The Siren's Song (1919 film)
|The Siren's Song|
|Directed by||J. Gordon Edwards|
|Written by||Charles Kenyon (scenario)|
|Cinematography||John W. Boyle|
|Distributed by||Fox Film Corporation|
As described in a film magazine review, Marie Bernais, a Breton village girl, possesses a wonderful voice which her father believes is a gift from the devil. Raoul Nieppe loves her, but fears marrying below his station, and his rejection results in a suicide attempt by Marie. She is rescued by Hector Remey who was once a tenor but is now a Punch and Judy showman. Because of his assistance, she becomes a famous singer. When Raoul finds her, she is the mistress of Gaspard Prevost, a rich merchant who has a wife. Raoul persuades Marie to end the liaison, but she discovers that his anxiety was due to a desire to possess her. Distraught, she persists in singing for soldiers even though she is warned that this would damage her voice. She once again becomes a humble peasant girl. Gaspard, now free due to the death of his wife, seeks her out, and she finds happiness in an honorable marriage.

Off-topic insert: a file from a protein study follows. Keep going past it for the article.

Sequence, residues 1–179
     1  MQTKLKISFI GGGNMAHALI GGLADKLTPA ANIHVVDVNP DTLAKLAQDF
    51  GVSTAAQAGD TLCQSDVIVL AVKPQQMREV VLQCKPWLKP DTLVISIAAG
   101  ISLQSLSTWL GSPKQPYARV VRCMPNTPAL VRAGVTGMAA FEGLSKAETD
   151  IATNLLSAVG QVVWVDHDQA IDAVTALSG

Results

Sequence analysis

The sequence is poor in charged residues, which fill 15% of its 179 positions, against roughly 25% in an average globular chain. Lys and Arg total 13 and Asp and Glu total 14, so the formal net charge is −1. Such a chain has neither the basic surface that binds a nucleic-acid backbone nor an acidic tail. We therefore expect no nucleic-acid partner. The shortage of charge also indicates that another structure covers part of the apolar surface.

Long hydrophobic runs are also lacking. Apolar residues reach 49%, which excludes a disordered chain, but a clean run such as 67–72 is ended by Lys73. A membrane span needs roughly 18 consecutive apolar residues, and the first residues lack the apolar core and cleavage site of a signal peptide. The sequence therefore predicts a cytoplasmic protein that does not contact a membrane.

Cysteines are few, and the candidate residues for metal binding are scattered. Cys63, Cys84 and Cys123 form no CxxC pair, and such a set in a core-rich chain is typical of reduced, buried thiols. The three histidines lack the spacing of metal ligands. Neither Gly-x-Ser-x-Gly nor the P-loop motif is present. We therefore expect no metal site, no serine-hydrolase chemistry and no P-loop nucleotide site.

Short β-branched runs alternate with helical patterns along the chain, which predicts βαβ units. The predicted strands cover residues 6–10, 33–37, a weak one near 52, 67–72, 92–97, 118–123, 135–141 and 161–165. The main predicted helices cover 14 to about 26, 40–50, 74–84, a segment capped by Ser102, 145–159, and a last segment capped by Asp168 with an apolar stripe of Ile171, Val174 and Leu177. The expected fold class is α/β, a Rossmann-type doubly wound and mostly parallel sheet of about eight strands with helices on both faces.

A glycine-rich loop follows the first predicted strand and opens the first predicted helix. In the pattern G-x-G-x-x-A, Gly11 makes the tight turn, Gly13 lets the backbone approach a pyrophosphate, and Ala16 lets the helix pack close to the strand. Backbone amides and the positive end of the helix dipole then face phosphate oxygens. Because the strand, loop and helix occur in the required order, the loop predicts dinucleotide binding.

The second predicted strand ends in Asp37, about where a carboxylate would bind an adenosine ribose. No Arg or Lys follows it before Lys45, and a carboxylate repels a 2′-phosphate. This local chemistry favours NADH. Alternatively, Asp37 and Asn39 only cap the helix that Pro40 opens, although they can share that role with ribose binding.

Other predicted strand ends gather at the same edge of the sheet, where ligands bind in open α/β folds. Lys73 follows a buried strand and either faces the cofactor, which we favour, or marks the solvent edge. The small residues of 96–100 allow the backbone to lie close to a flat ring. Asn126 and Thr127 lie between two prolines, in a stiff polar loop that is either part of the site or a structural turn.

- "Progressive Silent Film List: The Siren's Song". silentera.com. Retrieved 2013-10-21.
- "Advertising Aids for Busy Managers: The Siren's Song". Moving Picture World. New York City: Chalmers Publishing Company. 39 (3): 391–92. Jan 18, 1919. Retrieved 2014-07-10.
- Wlaschin, Ken (2009). The Silent Cinema in Song, 1896-1929: An Illustrated History and Catalog of Songs Inspired by the Movies and Stars, with a List of Recordings. McFarland. p. 72. ISBN 978-0-7864-3804-4.
|Wikimedia Commons has media related to The Siren's Song (1919 film).|